Students who maintain an overall grade point average of at least 3.2 and an average of at least 3.5 in their anthropology coursework may apply to the Honors Program in Anthropology. Honors are achieved by completing an honors thesis during the senior year. The thesis reports on an independent research project conducted under the supervision of a faculty member. Honors is a good option for students planning to pursue graduate studies in anthropology because it helps to develop research and writing skills that are valued by graduate schools, and will help students develop the skills necessary to prepare theses and publications in the future.
Requirements and guidelines
There are two principal requirements for graduating with honors in anthropology:
You must be accepted into the Honors Program.
You must successfully complete an honors thesis, which is written during the senior year. The thesis research is usually done during the fall semester of the senior year during which the student registers for Anth 497 (Independent Work), and the thesis is written during the spring semester when the student is registered for Anth 499 (Senior Honors). Each of these requirements is described below.
Acceptance into the Honors Program
If you decide that you want to pursue honors, begin by talking with a faculty advisor or the undergraduate director. Ideally, you should do this no later than the end of your junior year. Discuss possible thesis topics and identify possible members of a thesis committee. If you are unsure of a thesis topic, begin by meeting with faculty members who focus on topics of interest to you.
Your committee will consist of two faculty members, one called the "principal reader," and the other called the "second reader." Their job will be to help you develop your thesis topic, provide advice while you are writing and evaluate your thesis once it is finished. In choosing your committee, identify people who specialize in your area of study. At this point, your topic need not be very specific or well developed — all you need is a general idea about the kind of research that you would like to pursue.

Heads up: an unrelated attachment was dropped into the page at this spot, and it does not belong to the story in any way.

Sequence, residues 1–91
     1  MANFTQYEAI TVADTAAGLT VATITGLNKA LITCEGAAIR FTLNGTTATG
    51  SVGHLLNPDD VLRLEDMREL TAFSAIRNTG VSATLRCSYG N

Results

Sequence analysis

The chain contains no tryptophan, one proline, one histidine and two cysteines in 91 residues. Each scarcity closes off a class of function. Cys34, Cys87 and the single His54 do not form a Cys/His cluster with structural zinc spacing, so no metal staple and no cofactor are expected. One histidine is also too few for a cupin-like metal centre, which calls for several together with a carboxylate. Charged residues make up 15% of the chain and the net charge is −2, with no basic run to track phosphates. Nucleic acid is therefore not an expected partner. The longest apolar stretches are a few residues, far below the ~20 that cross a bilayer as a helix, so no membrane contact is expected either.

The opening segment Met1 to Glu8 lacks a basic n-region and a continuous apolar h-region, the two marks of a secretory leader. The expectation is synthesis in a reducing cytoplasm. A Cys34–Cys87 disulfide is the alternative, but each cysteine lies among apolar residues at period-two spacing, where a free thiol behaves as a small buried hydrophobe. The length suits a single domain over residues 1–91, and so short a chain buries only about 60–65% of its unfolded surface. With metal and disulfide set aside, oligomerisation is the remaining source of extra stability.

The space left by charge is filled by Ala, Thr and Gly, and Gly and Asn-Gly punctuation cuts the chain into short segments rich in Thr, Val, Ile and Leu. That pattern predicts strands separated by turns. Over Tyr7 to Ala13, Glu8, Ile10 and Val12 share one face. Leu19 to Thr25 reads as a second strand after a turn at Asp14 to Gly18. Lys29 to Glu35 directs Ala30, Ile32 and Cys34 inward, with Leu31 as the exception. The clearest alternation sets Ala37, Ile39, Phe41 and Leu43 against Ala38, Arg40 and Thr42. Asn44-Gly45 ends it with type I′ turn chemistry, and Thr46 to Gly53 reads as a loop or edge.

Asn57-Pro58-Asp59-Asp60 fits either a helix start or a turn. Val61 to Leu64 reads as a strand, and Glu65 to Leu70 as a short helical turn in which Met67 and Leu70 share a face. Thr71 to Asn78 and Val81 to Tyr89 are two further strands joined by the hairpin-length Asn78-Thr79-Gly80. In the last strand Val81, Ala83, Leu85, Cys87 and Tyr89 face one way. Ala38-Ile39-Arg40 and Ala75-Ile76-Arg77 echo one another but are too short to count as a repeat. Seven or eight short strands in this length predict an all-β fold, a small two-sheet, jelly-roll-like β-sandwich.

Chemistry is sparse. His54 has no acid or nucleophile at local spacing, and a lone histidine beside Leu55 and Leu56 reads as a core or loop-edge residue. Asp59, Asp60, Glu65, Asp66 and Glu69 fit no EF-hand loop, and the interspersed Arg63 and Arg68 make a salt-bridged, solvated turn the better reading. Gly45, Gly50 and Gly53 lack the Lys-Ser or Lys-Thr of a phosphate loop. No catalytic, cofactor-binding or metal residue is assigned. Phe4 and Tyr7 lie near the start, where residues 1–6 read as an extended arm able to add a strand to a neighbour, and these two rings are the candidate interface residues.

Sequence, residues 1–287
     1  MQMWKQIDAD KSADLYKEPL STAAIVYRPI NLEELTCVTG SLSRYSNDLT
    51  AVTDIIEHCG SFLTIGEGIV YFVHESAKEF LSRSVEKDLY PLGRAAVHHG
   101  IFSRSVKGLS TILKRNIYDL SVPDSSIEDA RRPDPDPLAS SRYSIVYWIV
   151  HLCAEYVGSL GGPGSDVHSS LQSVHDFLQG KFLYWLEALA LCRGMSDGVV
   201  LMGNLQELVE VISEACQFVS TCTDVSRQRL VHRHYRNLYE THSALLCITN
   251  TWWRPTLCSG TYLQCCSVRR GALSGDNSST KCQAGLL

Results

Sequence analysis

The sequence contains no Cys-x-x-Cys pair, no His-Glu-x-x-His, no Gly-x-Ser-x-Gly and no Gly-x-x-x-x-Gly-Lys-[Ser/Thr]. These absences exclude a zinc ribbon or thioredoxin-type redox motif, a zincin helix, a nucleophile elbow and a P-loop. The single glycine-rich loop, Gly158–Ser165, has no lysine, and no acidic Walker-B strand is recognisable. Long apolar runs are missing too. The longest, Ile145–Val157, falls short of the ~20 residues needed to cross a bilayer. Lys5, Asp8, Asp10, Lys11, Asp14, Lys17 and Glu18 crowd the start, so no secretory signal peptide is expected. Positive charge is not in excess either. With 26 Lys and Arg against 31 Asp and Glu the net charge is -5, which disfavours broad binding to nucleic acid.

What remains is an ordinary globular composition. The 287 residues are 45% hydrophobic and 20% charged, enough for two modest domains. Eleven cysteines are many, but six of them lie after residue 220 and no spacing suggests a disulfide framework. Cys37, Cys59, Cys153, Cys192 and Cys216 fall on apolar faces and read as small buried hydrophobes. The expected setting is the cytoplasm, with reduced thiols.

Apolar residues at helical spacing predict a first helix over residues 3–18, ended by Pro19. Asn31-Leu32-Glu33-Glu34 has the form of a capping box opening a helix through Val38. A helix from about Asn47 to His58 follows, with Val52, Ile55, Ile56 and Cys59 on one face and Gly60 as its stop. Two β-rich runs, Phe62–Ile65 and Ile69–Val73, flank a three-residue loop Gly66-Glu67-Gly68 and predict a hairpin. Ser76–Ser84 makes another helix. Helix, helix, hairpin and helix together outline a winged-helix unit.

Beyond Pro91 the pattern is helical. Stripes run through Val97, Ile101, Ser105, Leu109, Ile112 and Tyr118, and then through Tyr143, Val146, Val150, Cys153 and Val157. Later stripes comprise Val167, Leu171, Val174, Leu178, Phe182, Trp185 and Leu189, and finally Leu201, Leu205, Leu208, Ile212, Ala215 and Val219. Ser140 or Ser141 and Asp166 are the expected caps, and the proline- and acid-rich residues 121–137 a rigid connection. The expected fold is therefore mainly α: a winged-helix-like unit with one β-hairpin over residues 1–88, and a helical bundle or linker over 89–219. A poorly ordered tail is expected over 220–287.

Once you have identified potential committee members, you should approach each of them individually, beginning with the principal reader. Tell them about your topic and ask if they would be willing to work with you. In the course of your conversation, ask for advice on your proposed topic; the readers may be able to help you focus your research and assess whether your plans are realistic.
Once the topic is set and the two faculty readers are identified, you should apply for admission to the Honors Program by filling out the application form and returning it to the Undergraduate Director. The Undergraduate Committee will then meet and decide — based on your academic record — whether you qualify for honors. Though two faculty members have expressed their willingness to work with you, admission to the Honors Program is not guaranteed. Unfavorable decisions may be appealed in writing to the department chairperson, whose judgment on the matter will be final. Ideally, you should apply for admission to the Honors Program at the end of your junior year. Producing an honor's thesis is a time-consuming process. If you don't apply to the program in your junior year, you may not have enough time to finish a thesis before graduation.
We expect students in the Honors Program to have an overall grade point average of at least 3.2, and an average of at least 3.5 in anthropology courses. Exceptions can be made, but only if a student shows other evidence of academic potential (such as recent improvement in grades, extracurricular intellectual achievement, etc.)
An honors thesis is a long essay that describes the results of an original and independent research project. Although there is no specific length requirement, a typical undergraduate honors thesis contains 40-100 pages of text (double-spaced and typed), a bibliography and often illustrations and tables. To get a sense of what is expected, take a look at theses on file in the department office. Consult with your committee regarding issues of style (i.e., regarding the format of bibliography).
An honors thesis is far more substantial and takes far more work than a term paper written for a course. It requires that the student master a certain body of knowledge. This cannot be done in a few weeks — instead, you should plan on several months of intensive research, followed by several months of writing and preparing the manuscript. If your thesis involves data gathering, you may need to initiate your research during the summer before your senior year.
Once you have been accepted into the Honors Program you should register for Anth 497 (Independent Work) during the first semester of your senior year. Register for this course with your principal reader. This time (equivalent to the amount of time that you would devote to a 4-credit class) should be devoted to intensive research. Stay in touch with your principal reader so they know of your progress. Ideally, you should meet with your reader on a regular basis to discuss your research.